June 24 (Bloomberg) -- Federal Reserve Bank of Philadelphia President Charles Plosser said he’s “fairly optimistic” economic growth will exceed 2.4 percent for the remainder of this year and next amid steady growth in jobs.
The expansion will probably slow to a 2.4 percent trend rate after 2015, said Plosser, who votes on monetary policy this year. Consumption will probably rise as household balance sheets improve and unemployment declines to 5.8 percent by the end of this year and 5.6 percent by the end of 2015, he said today in remarks prepared for a speech to the Economic Club of New York.
“The rebound after the bad winter seems to be progressing, the outlook for unemployment is a bit better, and the inflation rate appears to be firming,” Plosser said. “Current data suggest economic strength is fairly broad-based, as witnessed by recent performance and the optimism expressed by firms in many manufacturing and service sectors.”
Plosser and his colleagues on the Federal Open Market Committee on June 18 trimmed bond buying by $10 billion for the fifth straight meeting, to $35 billion per month, while reiterating that they plan to keep the main rate close to zero for a “considerable time” after ending the purchases.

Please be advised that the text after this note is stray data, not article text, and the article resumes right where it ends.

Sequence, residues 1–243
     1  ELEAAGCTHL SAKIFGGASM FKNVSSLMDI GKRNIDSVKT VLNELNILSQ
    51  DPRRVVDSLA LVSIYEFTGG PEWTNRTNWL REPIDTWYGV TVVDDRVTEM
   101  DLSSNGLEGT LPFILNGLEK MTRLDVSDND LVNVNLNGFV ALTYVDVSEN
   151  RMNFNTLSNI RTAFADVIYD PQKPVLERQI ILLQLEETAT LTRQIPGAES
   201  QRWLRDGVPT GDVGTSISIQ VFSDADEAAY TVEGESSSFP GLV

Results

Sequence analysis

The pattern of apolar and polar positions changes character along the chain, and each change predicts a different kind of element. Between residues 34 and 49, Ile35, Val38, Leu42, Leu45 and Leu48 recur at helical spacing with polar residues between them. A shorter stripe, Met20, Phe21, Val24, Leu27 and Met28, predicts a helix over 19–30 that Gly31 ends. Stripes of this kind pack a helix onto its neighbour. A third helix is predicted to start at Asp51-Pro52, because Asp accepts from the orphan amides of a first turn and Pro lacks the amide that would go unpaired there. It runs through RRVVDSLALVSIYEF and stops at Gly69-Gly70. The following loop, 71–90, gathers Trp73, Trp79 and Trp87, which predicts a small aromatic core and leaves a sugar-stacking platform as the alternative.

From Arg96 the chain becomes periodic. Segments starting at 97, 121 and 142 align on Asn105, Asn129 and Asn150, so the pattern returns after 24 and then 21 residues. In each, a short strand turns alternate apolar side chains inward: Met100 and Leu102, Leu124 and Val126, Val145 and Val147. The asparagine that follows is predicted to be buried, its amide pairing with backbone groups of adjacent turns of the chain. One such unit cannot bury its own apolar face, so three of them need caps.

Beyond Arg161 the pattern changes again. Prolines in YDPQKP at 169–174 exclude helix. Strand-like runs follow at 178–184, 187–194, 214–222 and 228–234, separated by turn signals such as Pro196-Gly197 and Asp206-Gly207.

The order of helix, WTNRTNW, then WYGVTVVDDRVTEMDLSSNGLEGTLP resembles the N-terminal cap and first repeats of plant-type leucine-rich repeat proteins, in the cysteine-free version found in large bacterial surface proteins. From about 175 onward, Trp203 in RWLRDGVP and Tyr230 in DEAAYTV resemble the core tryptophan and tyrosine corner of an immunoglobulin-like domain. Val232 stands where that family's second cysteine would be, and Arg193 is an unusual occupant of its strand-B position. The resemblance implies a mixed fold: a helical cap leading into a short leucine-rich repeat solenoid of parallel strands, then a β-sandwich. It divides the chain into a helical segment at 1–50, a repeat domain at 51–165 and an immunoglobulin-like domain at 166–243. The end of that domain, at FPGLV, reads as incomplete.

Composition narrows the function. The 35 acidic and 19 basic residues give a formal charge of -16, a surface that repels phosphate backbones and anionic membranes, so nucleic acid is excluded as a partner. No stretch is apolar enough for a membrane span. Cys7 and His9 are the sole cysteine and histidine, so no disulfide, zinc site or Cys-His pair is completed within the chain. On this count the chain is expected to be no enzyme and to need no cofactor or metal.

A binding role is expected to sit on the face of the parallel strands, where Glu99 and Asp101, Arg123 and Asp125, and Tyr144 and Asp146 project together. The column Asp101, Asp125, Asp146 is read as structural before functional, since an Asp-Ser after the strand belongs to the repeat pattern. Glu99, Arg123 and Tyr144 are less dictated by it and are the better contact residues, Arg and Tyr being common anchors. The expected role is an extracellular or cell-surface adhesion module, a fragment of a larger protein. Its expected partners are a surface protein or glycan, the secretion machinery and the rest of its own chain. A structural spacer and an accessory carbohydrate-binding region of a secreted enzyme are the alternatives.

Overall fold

“The inflation rate appears to be firming,” Plosser said, predicting it will “stabilize” next year at about 2 percent, which is the FOMC’s target.
The personal consumption expenditures index, the Fed’s preferred inflation gauge, rose 1.6 percent from a year earlier in April, the most since November 2012.
Chair Janet Yellen, speaking at a news conference after the FOMC decision, dismissed concern about accelerating inflation, calling recent data on prices “noise.” Plosser backed the FOMC statement and has consistently warned that record stimulus may eventually fuel inflation beyond the Fed’s goal. The central bank has quadrupled its balance sheet since 2008 to a record $4.37 trillion.
The Fed last week revised its 2014 economic growth forecast, reducing its gross domestic product projection to 2.2 percent in 2014 from 2.9 previously forecast. The world’s largest economy shrank at a 1 percent annualized rate in the first quarter after harsh winter weather stalled hiring and consumer spending.
Plosser, 65, said his growth projection “was generally in line with” his colleagues.
Separate forecasts by Fed officials last week predicted the Fed’s main interest rate will be 1.13 percent at the end of 2015 and 2.5 percent a year later. In March, they forecast 1 percent at the end of next year and 2.25 percent in 2016.
The difference in the March and June projections “should not come as a particular surprise as it likely just reveals greater confidence that the economy is improving,” Plosser said. “I believe that we are closing in on our goals -- perhaps faster than some people might think.”